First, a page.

Injection of a combination of detomidine–ketamine–tiletamine–zolazepam (DKTZ) into experimental 8-month-old calves weighing on average 218 kg was evaluated at three dose rates using a pin-prick in the perineal region and an electrical stimulus to the tail base (Re et al., 2011). The drugs were combined by adding 40 mg detomidine and 500 mg ketamine to a vial of lyophilized tiletamine–zolazepam to produce a final solution of 9 mL containing 4.4 mg/mL of detomidine and 55.5 mg/mL of each ketamine and tiletamine–zolazepam, and administered IM at 1.0, 1.3, or 1.5 mL/100 kg. The depression of responses to noxious stimuli were dose dependent with maximum effect between 10 and 20 minutes after administration and a longer duration of depression at the medium (35 minutes) and high dose (55 minutes) rates. Heart rates decreased non-significantly, MAP significantly increased, and respiratory rates remained high. Severe hypoventilation and hypoxaemia were measured by blood gas analysis at 10 minutes after administration with an improvement in some animals noted at the next measurement time of 40 minutes. Recumbency lasted 1 hour after the low dose and 2 hours with the higher dose rates. The authors concluded that DKTZ was effective for immobilization and for minor surgical procedures, with or without local analgesia. Oxygen supplementation should be available.

Read full chapter

Intravenous Anesthetic Drugs
William W. Muir, in Equine Anesthesia (Second Edition), 2009

Applied Pharmacology
Ketamine and tiletamine/zolazepam should never be administered alone to produce anesthesia in horses but can be used alone to supplement anesthesia. They produce dose-dependent pharmacological effects that are comparatively less depressant than reported for barbiturates or other hypnotics. Clinical doses do not seriously impair ventilation, although there is a tendency for some horses to develop an apneustic (breath-holding) pattern of breathing and reduced minute volume.10 Arterial PaCO2 remains within normal limits, whereas PaO2 generally decreases. The influence of position (recumbency) and the development of ventilation-perfusion mismatching on blood gas values are likely of more importance. Pharyngeal and laryngeal reflexes remain active after ketamine administration, and the nasal or oral placement of an endotracheal tube is more difficult than with thiopental anesthesia. Airway resistance is decreased in humans and should be in horses. Assisted or controlled ventilation may be difficult to accomplish in some horses because of poor muscle relaxation and a tendency to “buck” (breathe against) the ventilator during the inspiratory phase. Heart rate, cardiac output, arterial blood pressure, and body temperature may increase after intravenous ketamine or Telazol administration because of increases in CNS sympathetic activation.42 Circulating concentrations of norepinephrine and epinephrine increase in horses after ketamine administration. Peripheral vascular resistance does not change or increases, which, taken together with increases in heart rate, results in marked increases in myocardial oxygen consumption.Buy Tiletamine–zolazepam online without prescription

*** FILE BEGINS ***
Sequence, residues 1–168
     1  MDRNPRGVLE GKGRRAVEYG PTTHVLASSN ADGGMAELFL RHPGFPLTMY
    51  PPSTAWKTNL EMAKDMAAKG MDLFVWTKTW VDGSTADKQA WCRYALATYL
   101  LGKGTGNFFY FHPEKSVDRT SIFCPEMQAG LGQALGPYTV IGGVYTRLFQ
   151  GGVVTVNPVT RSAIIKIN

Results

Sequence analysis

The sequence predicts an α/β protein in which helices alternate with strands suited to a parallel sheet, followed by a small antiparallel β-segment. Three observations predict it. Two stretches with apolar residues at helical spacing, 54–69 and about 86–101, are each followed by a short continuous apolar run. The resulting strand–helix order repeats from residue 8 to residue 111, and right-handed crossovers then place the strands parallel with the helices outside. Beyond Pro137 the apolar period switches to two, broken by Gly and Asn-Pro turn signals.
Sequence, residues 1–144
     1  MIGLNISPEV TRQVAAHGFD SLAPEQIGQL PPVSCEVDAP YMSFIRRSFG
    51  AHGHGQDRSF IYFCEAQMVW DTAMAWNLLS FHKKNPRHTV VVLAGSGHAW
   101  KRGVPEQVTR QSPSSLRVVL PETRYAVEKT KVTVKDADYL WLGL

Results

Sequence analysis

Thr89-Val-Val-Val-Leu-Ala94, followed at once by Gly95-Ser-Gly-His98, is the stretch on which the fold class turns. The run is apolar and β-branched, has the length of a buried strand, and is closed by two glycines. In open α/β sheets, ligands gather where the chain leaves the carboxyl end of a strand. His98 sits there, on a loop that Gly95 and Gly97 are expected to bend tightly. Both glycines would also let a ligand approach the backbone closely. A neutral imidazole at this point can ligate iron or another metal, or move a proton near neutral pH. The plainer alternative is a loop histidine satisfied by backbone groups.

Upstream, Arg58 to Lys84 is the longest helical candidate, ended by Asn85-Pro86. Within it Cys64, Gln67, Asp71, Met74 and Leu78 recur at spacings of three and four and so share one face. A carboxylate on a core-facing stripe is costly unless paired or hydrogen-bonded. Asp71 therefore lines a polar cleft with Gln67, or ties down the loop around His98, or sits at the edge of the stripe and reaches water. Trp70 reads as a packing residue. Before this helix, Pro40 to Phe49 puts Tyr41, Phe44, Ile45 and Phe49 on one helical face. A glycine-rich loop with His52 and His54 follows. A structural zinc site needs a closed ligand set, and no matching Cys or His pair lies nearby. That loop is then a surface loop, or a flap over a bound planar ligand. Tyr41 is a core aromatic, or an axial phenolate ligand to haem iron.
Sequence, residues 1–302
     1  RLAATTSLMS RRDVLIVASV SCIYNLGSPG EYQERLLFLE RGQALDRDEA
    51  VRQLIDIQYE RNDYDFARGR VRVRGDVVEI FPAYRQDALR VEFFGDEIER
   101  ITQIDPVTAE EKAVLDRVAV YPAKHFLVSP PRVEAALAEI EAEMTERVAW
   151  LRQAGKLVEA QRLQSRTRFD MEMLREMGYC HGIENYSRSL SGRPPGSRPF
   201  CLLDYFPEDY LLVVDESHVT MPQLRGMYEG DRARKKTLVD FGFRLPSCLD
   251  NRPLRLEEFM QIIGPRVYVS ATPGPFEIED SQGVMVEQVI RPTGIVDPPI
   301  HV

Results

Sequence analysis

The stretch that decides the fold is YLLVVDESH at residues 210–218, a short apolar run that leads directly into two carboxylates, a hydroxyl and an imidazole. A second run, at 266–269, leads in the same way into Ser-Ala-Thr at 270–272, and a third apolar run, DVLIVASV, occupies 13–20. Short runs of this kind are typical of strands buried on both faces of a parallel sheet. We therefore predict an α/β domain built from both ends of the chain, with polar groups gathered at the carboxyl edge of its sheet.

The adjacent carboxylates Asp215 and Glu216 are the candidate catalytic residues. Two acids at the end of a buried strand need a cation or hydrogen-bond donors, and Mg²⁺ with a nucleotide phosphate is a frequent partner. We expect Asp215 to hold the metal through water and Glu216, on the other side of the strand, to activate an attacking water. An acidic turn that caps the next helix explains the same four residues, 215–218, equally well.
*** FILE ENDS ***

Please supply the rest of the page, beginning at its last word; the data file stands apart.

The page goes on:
Ketamine can cause direct depression of the myocardium, although clinical doses rarely produce this effect and generally increase heart rate, arterial blood pressure, and cardiac output.33 Occasionally horses develop sinus heart rates in excess of 60 beats/min, second-degree atrioventricular block, and periodic ventricular depolarizations after intravenous ketamine. Cerebral blood flow, metabolic rate, and intracranial pressure are increased by dissociative anesthetics, contraindicating their use in horses with head trauma or undiagnosed CNS disease. The intravenous use of ketamine in otherwise normal horses requiring a myelogram is uneventful.10 Lacrimation and ocular and palpebral reflexes are more pronounced in horses administered dissociative anesthetics, although corneal analgesia may be profound, necessitating the use of corneal lubricants to prevent drying. Intraocular pressure may increase but is generally of minimal clinical relevance.43 Ketamine rapidly crosses the placenta and can produce CNS effects and respiratory depression in the newborn foal.

Read full chapter

Anesthesia of the dog

Buy Tiletamine zolazepam online without prescription
In Veterinary Anaesthesia (Eleventh Edition), 2014

Tiletamine–zolazepam
Tiletamine is available in a premixed combination with zolazepam, a benzodiazepine, under the trade names of Telazol and Zoletil. The drug preparation consists of 500 mg of lyophilized tiletamine–zolazepam (250 mg of tiletamine and 250 mg of zolazepam) that is reconstituted with sterile water. The doses reported are the sum of tiletamine and zolazepam doses so that 4 mg/kg of Telazol is equivalent to 2 mg/kg of tiletamine and 2 mg/kg of zolazepam. Tiletamine–zolazepam, 4 mg/kg, IM with an anticholinergic provides effective sedation for aggressive or dangerous dogs. Sedation is profound but ranges from the dog being just capable of walking to the dog that is almost unconscious and ready for tracheal intubation. Onset of sedation may be within minutes or up to 10 minutes. The dog should be kept under observation after injection in case immediate care is needed to treat apnoea or to move a dog that has assumed a position causing upper airway obstruction. An alternative technique is to provide premedication with other drugs and to use lower doses of tiletamine–zolazepam IV to achieve tracheal intubation prior to inhalation anaesthesia. Restlessness may be observed during recovery due to slow metabolism of tiletamine and the dog may be calmed by administration of diazepam.

Administration of tiletamine–zolazepam results in a dose-dependent duration of anaesthesia, with 6.6 mg/kg IV resulting in an average of 17.5 minutes to arousal and 62.3 minutes to sternal recumbency (Hellyer et al., 1989). A bolus injection IV results in transient decreased myocardial contractility and hypotension at 1 minute followed by increases in HR, MAP, and CO.

Buy Tiletamine zolazepam online without prescription

Tiletamine Zolazepam (Telazol) NMDA antagonist–benzodiazepine

 

Additional information

Quantity

10 Vials, 20 Vials, 30 Vials, 60 Vials, 90 Vials, 120 Vials, 360 Vials

Reviews

There are no reviews yet.

Be the first to review “Tiletamine (Telazol)”

Your email address will not be published. Required fields are marked *